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New Orleans pulls 46 tons of Mardi Gras beads from storm drains

Reuters

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The colorful beaded necklaces that are a signature of New Orleans’ annual Mardi Gras celebration have left the city known as “The Big Easy” with a big mess.

New Orleans city officials said on Thursday that more than 46 tons – or 93,000 pounds – of Carnival beads were among 7.2 million pounds of trash pulled from clogged catch basins along a five-block stretch of a downtown parade route, the Times-Picayune newspaper reported.

“Once you hear a number like that, there’s no going back,” Dani Galloway, interim director of the city’s Department of Public Works, said during a news conference on Thursday. “So we’ve got to do better.”

REUTERS/Jonathan Bachman

A representative from the city’s public works department did not immediately respond to a request for comment on Friday.

The removal was part of a four-month project in response to heavy flooding in the city in August, the newspaper reported. The effectiveness of the city’s drainage systems came under fire after an Aug. 5 storm dumped up to 6 inches (15 cm) of rain, causing street flooding and underpasses to fill up.

The clean-up effort between late September and late January cleared about 15,000 of the city’s estimated 68,000 storm drains, the newspaper reported. The Mardi Gras beads were found along the St. Charles Avenue parade route.

Mardi Gras is celebrated on Shrove Tuesday, the day before Ash Wednesday, which is the beginning of Lent, a period of reflection and abstinence on the Catholic calendar.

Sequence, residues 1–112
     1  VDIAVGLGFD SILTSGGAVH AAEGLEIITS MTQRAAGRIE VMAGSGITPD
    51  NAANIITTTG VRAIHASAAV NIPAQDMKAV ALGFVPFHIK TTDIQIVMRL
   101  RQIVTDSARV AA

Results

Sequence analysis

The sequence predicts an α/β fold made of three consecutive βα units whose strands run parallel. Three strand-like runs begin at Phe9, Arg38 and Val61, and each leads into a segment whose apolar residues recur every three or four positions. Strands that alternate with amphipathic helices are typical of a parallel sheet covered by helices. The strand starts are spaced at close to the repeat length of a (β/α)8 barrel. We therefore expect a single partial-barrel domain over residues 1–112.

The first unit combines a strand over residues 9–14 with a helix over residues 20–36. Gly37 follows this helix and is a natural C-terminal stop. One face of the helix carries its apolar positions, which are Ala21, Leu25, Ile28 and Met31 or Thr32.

By tradition, Mardi Gras, which is French for “Fat Tuesday,” is a day that calls for excessive partying in preparation for the somber season of sacrifice to follow.

Mardi Gras falls on Feb. 13 this year.

Partygoers are known to wear and toss beads – known as “throws” in New Orleans – from the streets and balconies in the French Quarter, Bourbon Street and other areas where partiers jostle through crowds.

At the news conference, Galloway asked residents to help clear catch basins and said the department was considering preventative methods, such as temporarily installing “gutter buddies” to keep the carnival beads from rolling down the drain.

(Reporting by Gina Cherelus in New York; editing by Colleen Jenkins and G Crosse)

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Better than the Weekend Actually Got Nominated for Something

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Adobe Stock

Well, two things, actually.

And this shit got me in my feelings.

When I found out Better than the Weekend was nominated for two Steamtown Music Awards, I was just happy to be invited to a work affair happening at a bar. The annual event celebrates the talent and hard work of regional musicians and entertainment industry professionals set in Northeastern Pennsylvania — and BTTW is nominated for Publication/Blog of the Year and Journalist of the Year. (Directions on how to vote at the end of the article.)

As the founder of an online publication still in its early development, getting recognized by the community and being in the company of publications that have been around in our HQ city for as long as 25 years is pretty rad and a solid win on its own.

When I launched BTTW in the summer of 2016, I wanted to create an online community of people who want an escape from the negative bullshit in their lives and need help getting through the week. And the way that community continues to grow is by focusing on sharing stories about who people really are outside of their IG feed and how they live their lives. Because understanding each other and finding common interests and values is how we connect and feel less alone in the world.